With newfound resources his family lived a lavish lifestyle. He bought a

    Read More »from CEO cashes out to become a farmer
  • Local Otter Destroys OtterBox Phone Case

    "You, you, you otter know” —Alanis Morissette. (Photo: CNET).

    One bold otter has ripped the lid off of what could very well be the biggest tech scandal of our time.

    Per a report from a local Fargo, N.D., TV station, someone was snapping photos of the Red River Zoo’s adorable North American river otters, when the person accidentally dropped their phone into the exhibit. One bold otter examined the specimen and found it to be in an OtterBox phone case. The otter was not impressed by its namesake product and proceeded to rip it, and the phone, to pieces.

    The act may have been retribution for the many years of tension between the otter population and the best-selling phone case company. The OtterBox website has long exploited the otter name to sell its products. One promotional line reads: “Similar to the otter’s fur, our original line of cases is waterproof.”

    OtterBox did not respond to requests for comment on whether it has tested its cases against actual otters.

    Read More »from Local Otter Destroys OtterBox Phone Case
  • There are too many constraints on women in the global economy, from unequal pay to limited leadership roles, which is weighing on economic progress, a prominent economist warns.

    Nouriel Roubini, the economist credited with predicting the collapse of the U.S. housing market and the financial crisis that followed, says gender inequality is an ongoing threat to global productivity, with potential long-term economic impacts. 

    During a speech in Vancouver on Thursday, Roubini highlighted statistics showing that a higher participation rate of females in the workforce, equal pay, and having more women on boards and in executive roles, helps to increase business productivity, and profits. 

    Still, women around the world continue to struggle with gender equality at work.

    “The case for having a stronger role of women in the business world is compelling,” Roubini said during a speech at The Next Billion: Women and the Economy of the Future conference.

    “Lots of work has been done, but more needs to

    Read More »from Dr. Doom Nouriel Roubini warns on economic effects of gender inequality
  • Ontario’s housing market is overvalued by about 25 per cent, a dangerous level that threatens not only home price growth in the province, but the overall Canadian economy, says a new report from New York-based Fitch ratings agency.

    Overbuilding is being blamed, notably condo growth in the Greater Toronto Area, where construction is at a record high.

    “Beneath the unprecedented boom in the Ontario housing market is a large overhang of pending supply that could threaten continued home price growth in the province,” states the report by Fitch Ratings director Stefan Hilts.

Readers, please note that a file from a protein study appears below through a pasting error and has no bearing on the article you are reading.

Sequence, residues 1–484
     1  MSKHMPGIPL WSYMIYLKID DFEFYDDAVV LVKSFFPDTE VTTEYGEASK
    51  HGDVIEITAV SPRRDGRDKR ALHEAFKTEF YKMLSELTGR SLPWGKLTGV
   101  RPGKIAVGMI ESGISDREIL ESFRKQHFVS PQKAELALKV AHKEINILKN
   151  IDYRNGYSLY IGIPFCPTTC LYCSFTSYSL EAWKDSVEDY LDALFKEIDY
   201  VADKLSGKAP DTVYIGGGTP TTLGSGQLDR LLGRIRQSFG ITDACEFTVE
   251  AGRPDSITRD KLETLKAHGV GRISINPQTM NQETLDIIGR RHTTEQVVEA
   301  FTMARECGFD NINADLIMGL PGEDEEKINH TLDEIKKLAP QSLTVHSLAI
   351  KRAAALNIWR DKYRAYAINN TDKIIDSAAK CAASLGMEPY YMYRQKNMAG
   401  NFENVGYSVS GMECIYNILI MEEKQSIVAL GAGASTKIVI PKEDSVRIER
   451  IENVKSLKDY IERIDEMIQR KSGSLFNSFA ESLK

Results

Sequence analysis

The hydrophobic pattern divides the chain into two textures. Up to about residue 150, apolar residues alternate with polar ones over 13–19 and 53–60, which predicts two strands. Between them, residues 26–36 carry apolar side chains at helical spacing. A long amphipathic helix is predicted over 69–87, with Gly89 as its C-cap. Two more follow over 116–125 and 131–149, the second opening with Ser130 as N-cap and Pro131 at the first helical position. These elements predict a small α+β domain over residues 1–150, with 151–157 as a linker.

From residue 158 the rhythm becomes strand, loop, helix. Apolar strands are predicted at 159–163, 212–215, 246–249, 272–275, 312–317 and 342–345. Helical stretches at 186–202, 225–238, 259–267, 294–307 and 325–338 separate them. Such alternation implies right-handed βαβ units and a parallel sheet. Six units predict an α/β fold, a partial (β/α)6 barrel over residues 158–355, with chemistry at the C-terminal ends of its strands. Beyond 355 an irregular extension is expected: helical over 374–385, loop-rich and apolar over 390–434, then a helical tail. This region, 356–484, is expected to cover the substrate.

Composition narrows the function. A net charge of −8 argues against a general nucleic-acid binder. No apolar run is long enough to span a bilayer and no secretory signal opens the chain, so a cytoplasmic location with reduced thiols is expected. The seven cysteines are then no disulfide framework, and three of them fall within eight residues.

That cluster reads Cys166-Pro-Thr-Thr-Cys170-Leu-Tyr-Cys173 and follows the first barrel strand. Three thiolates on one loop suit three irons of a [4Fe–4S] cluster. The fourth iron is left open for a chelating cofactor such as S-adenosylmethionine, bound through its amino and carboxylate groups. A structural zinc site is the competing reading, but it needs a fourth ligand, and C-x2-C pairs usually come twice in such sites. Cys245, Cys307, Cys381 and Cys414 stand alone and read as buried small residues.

It says more than 80,000 condo units are being built in Ontario, which is almost 50 per cent more than four years ago when the boom in multifamily units really started to take off.

    That supply spike, combined with flattening condos prices and a construction overhang at time when housing starts in the province have fallen “could present a problem for continued price growth, with the market potentially becoming

    Read More »from Fitch warns on Canada’s condo market
  • The Canadian retail market has not exactly been a good news story this year (bye-bye Target), but nobody seems to have told the stores that play in the luxury end of it.

    Saks Fifth Avenue OFF 5th (the brand’s discount arm) has announced it will open its first three non-U.S. outlets in Ottawa, Niagara-on-the-Lake and Vaughn next year, part of a larger roll-out that will also see seven Canadian stores in the Saks flagship brand open their doors.

    While technically not a foreign player after Hudson’s Bay bought the chain last year, the Saks brand’s arrival is part of a high-end foreign invasion on the traditional stomping ground of Holt Renfrew and Harry Rosen.

    Of course, it’s not all giggles in the Canadian retail space, as Target dashes out of town with its tail between its legs, Sears Canada limps along, and smaller players like Bowring operate under bankruptcy protection.

    But go up a few price points, and the air seems to be clearer, with both large and small players getting into the

    Read More »from Fifth Avenue retailing coming to a Canadian street near you
  • Canadian retailers have a lot of catching up to do if they want to better compete with their American counterparts in the increasingly important ecommerce sales category, suggests a new report from BMO Nesbitt Burns.

    It shows the overwhelming majority of the estimated $16 billion in total ecommerce sales generated in Canada last year was by American companies.

    The top three ecommerce retailers – Amazon, eBay and Apple – accounted for nearly a third of online shopping sales in 2014. The top 10, which again are all American companies, accounted for just above 50 per cent of ecommerce sales.

    Of the top 20 ecommerce sites ringing up sales in Canada last year, only one is based in Canada – an electronics site called Canada Computers – which is in 19th spot, according to the report.

    The report says ecommerce accounted for just 3 per cent of retail sales in Canada in 2014, or $16 billion out of $500 billion. In the U.S., ecommerce transactions account for about 7 per cent retail sales and

    Read More »from Canadian retailers falling behind U.S. in ecommerce: BMO